Expedition: Bigfoot! (Sasquatch Museum)
Cherry Log, Georgia
Bigfoot is everywhere. That's the message you receive when you visit Expedition Bigfoot. Not conceptually everywhere, like in public awareness. Literally everywhere, including in your back yard.
"They're in the suburbs," said David Bakara, a Bigfoot researcher who opened the attraction in early 2016 with his wife, Melinda. David said that every day he meets visitors to Expedition Bigfoot with tales of their own Bigfoot sightings.
"I've read that only one out of every ten people who've seen a Bigfoot will report it," said David. "I think it's one out of every hundred." Apparently a lot of people have seen Bigfoot but keep it a secret.
David understands. "They don't even want their families to know," he said. "Most people who tell us, only tell us."
Despite Bigfoot's legendary elusiveness, Expedition Bigfoot is filled with artifacts and displays, and its professional polish shows respect for America's favorite monster. Listening stations allow visitors to hear Bigfoot grunts and howls. Video monitors play interviews with eyewitnesses.
A big diorama dramatizes the 1924 "Ape Canyon" incident where a Bigfoot gang attacked a group of miners. Exhibits include many casts of Bigfoot footprints, several different models of Bigfoot head-types (and one towering full-body replica), and the high-tech ATV that David and Melinda used as Bigfoot investigators in Florida (They once saw two Bigfoots through a thermal imaging camera).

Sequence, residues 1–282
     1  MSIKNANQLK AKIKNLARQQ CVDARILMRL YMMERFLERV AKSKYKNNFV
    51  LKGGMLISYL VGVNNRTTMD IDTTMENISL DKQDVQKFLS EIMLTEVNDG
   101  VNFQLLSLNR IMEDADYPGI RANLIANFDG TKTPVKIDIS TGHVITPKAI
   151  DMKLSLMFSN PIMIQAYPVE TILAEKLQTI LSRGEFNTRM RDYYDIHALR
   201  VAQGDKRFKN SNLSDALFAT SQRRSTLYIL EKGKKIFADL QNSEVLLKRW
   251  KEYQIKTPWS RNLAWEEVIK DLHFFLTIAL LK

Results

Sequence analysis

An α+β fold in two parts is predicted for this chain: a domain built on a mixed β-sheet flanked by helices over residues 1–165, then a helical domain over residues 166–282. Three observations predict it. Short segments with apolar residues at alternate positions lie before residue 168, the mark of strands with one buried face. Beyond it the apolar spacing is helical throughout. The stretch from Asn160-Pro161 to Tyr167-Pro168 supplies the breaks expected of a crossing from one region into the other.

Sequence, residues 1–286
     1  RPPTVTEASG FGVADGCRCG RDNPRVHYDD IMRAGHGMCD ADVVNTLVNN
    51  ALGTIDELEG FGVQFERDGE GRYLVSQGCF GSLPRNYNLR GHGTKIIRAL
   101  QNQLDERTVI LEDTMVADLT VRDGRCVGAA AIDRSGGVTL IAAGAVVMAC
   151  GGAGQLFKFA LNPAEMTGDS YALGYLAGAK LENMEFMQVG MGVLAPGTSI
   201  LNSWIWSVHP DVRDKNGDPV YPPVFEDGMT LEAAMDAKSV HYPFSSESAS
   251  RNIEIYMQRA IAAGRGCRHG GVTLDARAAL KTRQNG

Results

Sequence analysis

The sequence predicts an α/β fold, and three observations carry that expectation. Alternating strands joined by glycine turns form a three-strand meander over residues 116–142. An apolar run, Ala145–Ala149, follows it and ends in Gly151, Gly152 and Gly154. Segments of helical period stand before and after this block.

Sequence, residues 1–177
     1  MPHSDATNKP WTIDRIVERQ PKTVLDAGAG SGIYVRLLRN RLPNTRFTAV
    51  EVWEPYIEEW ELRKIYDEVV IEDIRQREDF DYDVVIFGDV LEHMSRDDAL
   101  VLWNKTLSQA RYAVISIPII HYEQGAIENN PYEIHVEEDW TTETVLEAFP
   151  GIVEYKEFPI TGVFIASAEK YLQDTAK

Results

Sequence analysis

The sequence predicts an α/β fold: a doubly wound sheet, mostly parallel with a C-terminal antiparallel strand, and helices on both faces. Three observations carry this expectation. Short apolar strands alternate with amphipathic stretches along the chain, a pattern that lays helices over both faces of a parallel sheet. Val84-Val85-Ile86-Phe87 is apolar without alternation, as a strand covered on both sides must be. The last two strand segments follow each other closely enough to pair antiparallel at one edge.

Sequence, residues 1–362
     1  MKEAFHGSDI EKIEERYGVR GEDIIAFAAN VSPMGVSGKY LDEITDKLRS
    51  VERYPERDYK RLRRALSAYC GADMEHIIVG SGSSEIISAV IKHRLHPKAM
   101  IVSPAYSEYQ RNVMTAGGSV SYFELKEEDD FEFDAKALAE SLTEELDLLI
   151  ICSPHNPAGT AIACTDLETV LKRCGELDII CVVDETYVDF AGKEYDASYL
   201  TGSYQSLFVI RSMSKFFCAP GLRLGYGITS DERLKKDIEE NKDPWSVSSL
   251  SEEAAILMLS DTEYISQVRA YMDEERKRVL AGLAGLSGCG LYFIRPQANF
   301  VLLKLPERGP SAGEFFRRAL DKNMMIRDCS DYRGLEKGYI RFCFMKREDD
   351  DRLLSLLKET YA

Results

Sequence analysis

The Bakaras have even built a tribute exhibit to the movie that changed the course of young David's life, "The Legend of Boggy Creek." A trailer for the 1972 film loops endlessly, adding screams of horror to Expedition Bigfoot's unique soundscape of confessional witnesses, sonorous narrators, and background music that blends plaintive Indian flute-tooting with full-orchestra sword and sorcery crescendos.
David showed us a display of food seen to be eaten by Bigfoot (Zagnut bars are a favorite) and a cast of a rare Bigfoot butt-print, displayed regally on a bed of a red velvet. "Whatever made this," said David, "was very large, very muscular, very hairy. It was not a person." A collection of battered plastic containers and pie plates "were very likely handled by a Bigfoot" according to their accompanying placard. In the background, another video-recorded eyewitness relived his Bigfoot encounter: "It was tall, about 7-8 foot tall. It was black, real hairy. I knew it wasn't a gorilla, because there was no circus in town...."
Expedition Bigfoot is not a pop culture or academic museum; it's an investigator museum. It even sells Bigfoot footprint casting kits in its gift shop, assembled by David himself. The Bakaras are huge fans of roadside attractions -- David vows one day to see The Thing? -- and feel that Bigfoot can stimulate curiosity and bring people together in a way that only a giant, impossible-to-catch monster can.
As a chattering family made their way out the door, David gave us a wink. "I guarantee that for the next five hours in the car they'll be talking about Bigfoot."